A Dream’s End, a Dream’s Beginning
In Regul Aire, deep inside the forests of the 68th Floating Island, is a warehouse. According to the documents, it is a facility owned by the Winged Guard, inside of which very important weapons are stored. Strictly speaking, this is not a lie. However, it does not give a very accurate picture of the actual situation.
The warehouse acts more like a barracks, which is large enough to house around fifty people. Stored there, or rather living there, are over thirty young girls. Also, the expenses necessary to maintain the facility are almost all paid by the Orlandri Trading Company, the manager who actually does anything is an employee of Orlandri, and the place is even marked as the Orlandri Trading Company’s 4th Warehouse on the map.
The morning sun rose once again over that warehouse.
Dawn’s intense rays of light penetrated the curtains and illuminated the room. The chirping of the birds could be heard loudly through the walls.
Raising the upper half of her body out of bed, Kutori stared blankly at the ceiling. A thick layer of fog seemed to envelop her memory; she couldn’t clearly recall the events of the previous night.
She lightly rubbed her eyes. A sudden shiver ran through her spine. Needless to say, winter mornings are cold. If she lounged around in her pajamas any longer, she might catch a cold.
Guess I’ll get up. With her still foggy head, Kutori tried to remember her plans for the day. However, it proved to be a difficult task. She vaguely felt like there were no more battles for a while, which meant she would be free after daily training. That was good. She needed all the time and freedom she could possibly be allowed in order to go after him.
An image of a young man with black hair popped into her mind. After that, memories of last night slowly began to come back to her.
That’s right. She had fainted. Overcome by encroachment from her previous life, she had fallen into a sleep she should have never woken up from. But for some reason, she woke up, clung onto Willem while crying in front of everyone, then her stomach rumbled loudly, then Lakish brought her some oatmeal, she wolfed it down, then went right back to sleep.
What is this? What she some animal whose only desires were to eat and sleep? Did she only act on instinct? Was desperately clinging onto Willem in front of everyone one of her instincts? What happened to her reason and sensibility? She couldn’t have been any more pitiful. Her face felt like it would burst into flame.
But, her desire to eat and sleep was proof that she was alive. It was evidence that her body was trying to live on. When she thought about it that way, it didn’t seem so bad. And if she didn’t think about it that way, she might die inside soon.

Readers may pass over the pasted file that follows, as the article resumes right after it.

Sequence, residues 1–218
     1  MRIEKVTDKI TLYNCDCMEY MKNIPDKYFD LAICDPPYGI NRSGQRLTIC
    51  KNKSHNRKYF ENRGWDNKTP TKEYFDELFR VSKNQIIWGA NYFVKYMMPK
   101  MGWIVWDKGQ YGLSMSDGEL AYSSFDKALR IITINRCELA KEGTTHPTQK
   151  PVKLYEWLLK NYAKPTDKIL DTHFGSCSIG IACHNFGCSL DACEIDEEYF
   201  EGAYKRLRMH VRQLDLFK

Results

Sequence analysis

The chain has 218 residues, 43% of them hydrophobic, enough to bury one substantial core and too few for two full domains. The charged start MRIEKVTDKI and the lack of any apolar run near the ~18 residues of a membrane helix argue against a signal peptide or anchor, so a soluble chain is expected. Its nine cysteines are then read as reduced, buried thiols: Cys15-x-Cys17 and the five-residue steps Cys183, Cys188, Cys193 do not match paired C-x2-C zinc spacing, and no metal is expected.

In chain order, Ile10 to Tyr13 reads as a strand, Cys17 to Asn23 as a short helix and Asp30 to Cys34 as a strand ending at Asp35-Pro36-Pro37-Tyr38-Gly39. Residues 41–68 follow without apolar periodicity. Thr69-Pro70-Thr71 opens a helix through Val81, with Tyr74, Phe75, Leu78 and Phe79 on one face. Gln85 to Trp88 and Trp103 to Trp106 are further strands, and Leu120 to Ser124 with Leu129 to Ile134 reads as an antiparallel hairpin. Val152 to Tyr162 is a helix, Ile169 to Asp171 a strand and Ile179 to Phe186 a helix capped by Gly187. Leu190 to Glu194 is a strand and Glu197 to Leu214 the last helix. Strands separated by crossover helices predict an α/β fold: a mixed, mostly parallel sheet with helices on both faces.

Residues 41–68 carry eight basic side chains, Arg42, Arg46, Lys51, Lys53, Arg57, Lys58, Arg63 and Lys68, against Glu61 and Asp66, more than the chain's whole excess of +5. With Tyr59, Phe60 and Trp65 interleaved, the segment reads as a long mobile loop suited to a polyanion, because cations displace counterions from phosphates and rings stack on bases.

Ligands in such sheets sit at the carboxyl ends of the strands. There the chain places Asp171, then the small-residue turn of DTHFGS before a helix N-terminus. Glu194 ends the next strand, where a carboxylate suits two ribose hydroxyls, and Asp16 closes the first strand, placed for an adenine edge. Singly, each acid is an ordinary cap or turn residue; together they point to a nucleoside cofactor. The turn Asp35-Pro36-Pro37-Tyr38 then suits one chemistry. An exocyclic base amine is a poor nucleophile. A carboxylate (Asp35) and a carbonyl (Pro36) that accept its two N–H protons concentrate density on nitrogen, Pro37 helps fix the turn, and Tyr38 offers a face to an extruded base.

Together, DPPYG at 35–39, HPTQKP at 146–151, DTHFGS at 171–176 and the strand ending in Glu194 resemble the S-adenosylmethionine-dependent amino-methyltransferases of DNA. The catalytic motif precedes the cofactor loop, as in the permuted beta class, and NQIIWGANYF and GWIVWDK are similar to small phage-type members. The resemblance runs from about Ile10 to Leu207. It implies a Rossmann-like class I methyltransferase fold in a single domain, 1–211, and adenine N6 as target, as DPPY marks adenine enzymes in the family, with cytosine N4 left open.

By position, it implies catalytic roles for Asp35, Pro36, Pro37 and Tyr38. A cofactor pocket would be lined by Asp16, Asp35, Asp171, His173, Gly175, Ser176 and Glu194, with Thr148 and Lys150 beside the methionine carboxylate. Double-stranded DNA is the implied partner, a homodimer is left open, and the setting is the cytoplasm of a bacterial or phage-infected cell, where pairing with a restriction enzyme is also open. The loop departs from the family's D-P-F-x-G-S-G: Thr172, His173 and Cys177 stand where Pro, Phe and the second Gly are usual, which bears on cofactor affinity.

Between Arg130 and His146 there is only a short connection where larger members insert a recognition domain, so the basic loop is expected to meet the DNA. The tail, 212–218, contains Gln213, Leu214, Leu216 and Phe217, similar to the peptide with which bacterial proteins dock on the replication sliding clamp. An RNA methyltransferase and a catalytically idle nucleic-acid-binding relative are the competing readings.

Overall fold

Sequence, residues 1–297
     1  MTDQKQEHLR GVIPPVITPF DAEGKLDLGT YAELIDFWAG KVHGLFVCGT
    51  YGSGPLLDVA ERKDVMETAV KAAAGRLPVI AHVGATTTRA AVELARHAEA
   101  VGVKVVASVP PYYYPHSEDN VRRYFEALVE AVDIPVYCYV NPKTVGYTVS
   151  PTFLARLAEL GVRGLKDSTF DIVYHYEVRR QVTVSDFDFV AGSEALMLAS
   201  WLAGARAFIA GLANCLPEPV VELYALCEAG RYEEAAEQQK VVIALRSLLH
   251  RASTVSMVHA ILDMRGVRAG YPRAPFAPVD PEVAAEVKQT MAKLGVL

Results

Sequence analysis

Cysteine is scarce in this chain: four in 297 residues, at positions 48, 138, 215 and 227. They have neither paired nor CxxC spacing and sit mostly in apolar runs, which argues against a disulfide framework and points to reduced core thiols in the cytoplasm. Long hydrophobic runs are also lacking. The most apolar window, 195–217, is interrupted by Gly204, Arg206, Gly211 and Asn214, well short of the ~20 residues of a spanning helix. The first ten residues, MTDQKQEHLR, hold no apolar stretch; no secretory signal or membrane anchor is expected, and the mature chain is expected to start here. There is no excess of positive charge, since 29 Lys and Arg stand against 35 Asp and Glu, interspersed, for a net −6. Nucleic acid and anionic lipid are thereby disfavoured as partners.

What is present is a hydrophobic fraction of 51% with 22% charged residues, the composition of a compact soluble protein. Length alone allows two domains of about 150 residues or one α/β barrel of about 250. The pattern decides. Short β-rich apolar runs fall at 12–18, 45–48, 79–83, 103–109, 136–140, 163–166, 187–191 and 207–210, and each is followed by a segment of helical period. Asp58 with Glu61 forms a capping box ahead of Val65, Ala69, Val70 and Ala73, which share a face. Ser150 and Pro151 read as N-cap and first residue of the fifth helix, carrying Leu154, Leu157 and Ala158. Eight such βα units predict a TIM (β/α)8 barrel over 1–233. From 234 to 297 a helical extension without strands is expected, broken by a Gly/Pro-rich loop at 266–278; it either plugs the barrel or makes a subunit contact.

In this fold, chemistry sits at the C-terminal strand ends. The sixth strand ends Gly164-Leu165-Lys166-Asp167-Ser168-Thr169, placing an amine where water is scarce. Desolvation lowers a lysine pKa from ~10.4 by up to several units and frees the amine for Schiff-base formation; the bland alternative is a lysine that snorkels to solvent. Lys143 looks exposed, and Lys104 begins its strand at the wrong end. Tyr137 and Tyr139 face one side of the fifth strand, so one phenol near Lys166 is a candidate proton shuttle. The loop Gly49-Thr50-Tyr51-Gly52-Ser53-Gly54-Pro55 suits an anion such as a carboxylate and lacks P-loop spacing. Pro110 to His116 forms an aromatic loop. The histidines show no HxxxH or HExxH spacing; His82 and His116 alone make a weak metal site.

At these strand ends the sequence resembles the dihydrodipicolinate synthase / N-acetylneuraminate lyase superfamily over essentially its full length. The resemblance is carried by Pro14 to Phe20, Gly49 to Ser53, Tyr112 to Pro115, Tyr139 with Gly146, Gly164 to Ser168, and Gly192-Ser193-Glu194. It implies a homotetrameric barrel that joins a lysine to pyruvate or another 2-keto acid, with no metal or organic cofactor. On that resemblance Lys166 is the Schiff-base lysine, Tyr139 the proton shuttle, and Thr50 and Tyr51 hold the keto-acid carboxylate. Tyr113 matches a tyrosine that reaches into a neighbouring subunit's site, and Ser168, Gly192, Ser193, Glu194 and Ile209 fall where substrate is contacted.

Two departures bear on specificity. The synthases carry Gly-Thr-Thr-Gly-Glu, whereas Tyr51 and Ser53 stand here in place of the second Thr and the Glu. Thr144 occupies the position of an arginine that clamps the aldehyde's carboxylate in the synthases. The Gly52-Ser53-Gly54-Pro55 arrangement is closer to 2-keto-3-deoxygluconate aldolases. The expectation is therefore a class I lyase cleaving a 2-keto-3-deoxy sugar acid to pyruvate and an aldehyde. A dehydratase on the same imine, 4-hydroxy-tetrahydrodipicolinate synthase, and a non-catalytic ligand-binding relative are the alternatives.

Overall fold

Patting her flushed cheeks, Kutori looked around once more. She was in the clinic, not her own bedroom. Someone had probably been kind enough to carry her here after she suddenly passed out down the hallway. That someone was most likely — no, most definitely — Willem, but she tried not to think about that too much. A smile spread across her face.
Kutori Nota Seniolis is the oldest fairy soldier in the warehouse, a grown woman. She needed to be a role model for the little ones. Well, she might have set herself back a bit last night, but that was all the more reason to be careful now. She couldn’t let them see her disgraceful side anymore. Just as she made up her mind to get up and wash her face before anyone saw it, the door opened.
“Oh?” A red haired woman walked in. “Looks like you were able to wake up this time.”
She was tall and considerably older than Kutori, perhaps around twenty years of age. Despite clearly being a grown woman, her face gave off a somewhat childish feel, and the frills on her blouse and apron only made it more prominent.
“Willem was really worried, you know? He was all like maybe she’s in another coma, or maybe she really won’t wake up again this time, and said he was going to stay by you until you woke up, so I had to kick him out.” The woman entered the room, opened the curtains, watered the flower pots, and changed the calendar. “Well, you had a great smile while you were sleeping, and your breathing and everything seemed fine. I had him put you in the clinic just in case, but how are you feeling now? Nothing’s gotten worse, has it?”
“Eh? Ah… um…” It took Kutori a moment to realize that she was being talked to. She stared at the woman blankly and blinked. “Nai… grat?”
“Ah, nothing.” Kutori waved her hands about to try to dismiss the question. That’s right. The woman’s name is Naigrat. She was sent here by the Orlandri Trading Company to manage the equipment in this warehouse. She takes care of us.
“What’s wrong? Half asleep?”
“Yeah, I guess.” Her head still didn’t seem to be fully functioning. Apparently, the morning sun and Willem’s name weren’t quite enough to clear her mental fog. “Nothing’s wrong, I just feel out of it. I’ll go wash my face–”